KARACHI: An ‘invisible’ epidemic of deadly hepatitis C virus affecting 10 million people prevails in Pakistan, which has the highest burden of the disease in the world, claiming a life every 20 minutes. The crisis is well reflective of persistent government failure to enforce disease prevention and treatment strategies including infection control measures at healthcare settings and ensure provision of safe blood.
These concerns were raised by experts at a presser held at a local hotel on Thursday in connection with the 16th annual conference of Pakistan Society for the Study of Liver Diseases (PSSLD).
The three-day conference titled ‘Emerging Trends in Hepatology: Challenges and Opportunities’ will open tomorrow.
The experts described the disease as a silent killer given the fact that the majority of the people with the infection didn’t not exhibit any symptoms for years till the disease progressed.
Almost 10m people are affected by the diseases, moot told
The unprecedented floods, they said, had exacerbated the spread of hepatitis E, exposing over 75,000 expecting mothers to the risk of this potentially fatal virus.
Sharing some statistics on hepatitis C, leading epidemiologist Dr Homie Razavi from the Centre for Disease Analysis (CDA) in the United States, said currently there were nearly 10m million people in Pakistan living with hepatitis C – more than China and India – who needed to be diagnosed and treated.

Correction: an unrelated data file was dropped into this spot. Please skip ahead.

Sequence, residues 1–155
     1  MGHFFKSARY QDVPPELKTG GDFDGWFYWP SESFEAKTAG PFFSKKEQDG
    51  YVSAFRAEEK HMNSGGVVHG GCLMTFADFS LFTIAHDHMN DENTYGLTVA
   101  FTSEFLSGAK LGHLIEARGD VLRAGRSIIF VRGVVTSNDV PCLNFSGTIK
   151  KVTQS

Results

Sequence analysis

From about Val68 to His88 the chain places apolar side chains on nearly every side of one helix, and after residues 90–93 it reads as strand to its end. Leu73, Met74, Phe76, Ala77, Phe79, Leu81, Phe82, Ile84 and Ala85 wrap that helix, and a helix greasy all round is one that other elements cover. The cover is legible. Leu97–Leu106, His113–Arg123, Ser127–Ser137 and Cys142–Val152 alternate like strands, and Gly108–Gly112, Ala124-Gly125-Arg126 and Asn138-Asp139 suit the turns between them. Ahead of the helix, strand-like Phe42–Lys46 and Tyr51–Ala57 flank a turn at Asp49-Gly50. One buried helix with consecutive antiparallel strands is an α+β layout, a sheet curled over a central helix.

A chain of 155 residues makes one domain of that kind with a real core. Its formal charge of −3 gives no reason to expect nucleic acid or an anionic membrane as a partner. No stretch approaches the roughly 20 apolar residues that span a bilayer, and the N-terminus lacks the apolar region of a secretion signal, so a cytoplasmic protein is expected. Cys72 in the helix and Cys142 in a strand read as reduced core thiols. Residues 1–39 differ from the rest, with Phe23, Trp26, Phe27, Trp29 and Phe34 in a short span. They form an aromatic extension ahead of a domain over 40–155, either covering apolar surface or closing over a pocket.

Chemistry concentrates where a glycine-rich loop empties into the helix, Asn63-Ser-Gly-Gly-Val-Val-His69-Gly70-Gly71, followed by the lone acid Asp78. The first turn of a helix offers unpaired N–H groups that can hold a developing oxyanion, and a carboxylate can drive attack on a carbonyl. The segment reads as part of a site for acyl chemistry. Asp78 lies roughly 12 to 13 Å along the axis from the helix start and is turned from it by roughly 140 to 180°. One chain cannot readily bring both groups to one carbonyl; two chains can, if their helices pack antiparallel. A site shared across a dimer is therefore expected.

“This population is at a higher risk of developing liver cancer and cirrhosis (long-term liver damage) in their lifetime than those who smoke a pack of cigarettes a day,” Dr Razavi, who runs the Polaris Observatory, the world’s largest database on viral hepatitis, told the audience.
Pakistan, he pointed out, had been seeing a consistent rise in hepatitis C incidence and since 2015 nearly half a million new infections were being reported every year. In 2020 alone, over 461,000 new cases of hepatitis C were added to the pool, a higher incidence of new cases than any other country.
“The good news, however, is that effective, inexpensive medicine with no side effects is available that brings about complete recovery. But, this great opportunity could only be availed if patients are diagnosed at an early stage for which Pakistan needs to have an effective screening programme across Pakistan,” Dr Razavi explained.
Dr Amna Subhan from Aga Khan University (AKU) said hepatitis B and C were both blood-borne diseases and spread through unsafe injections, lack of infection control measures in healthcare settings and tattoo parlours, among other causes.
Prof Zaigham Abbas from Ziauddin University Hospital said over 15m people suffered from hepatitis B and C in Pakistan, making hepatitis the biggest killer among communicable diseases.
He urged the federal and provincial governments to scale up their programmes to eliminate hepatitis C, to meet the WHO elimination goals, which would save over 150,000 lives and prevent over 100,000 new cases of liver cancer between now and 2030.
Prof Saeed Hamid from AKU said the prevalence of hepatitis C had increased from 6 per cent to 9pc in Punjab and 5pc to 6pc in Sindh, while calling for innovative strategies to address the challenge.
Published in Dawn, December 2nd, 2022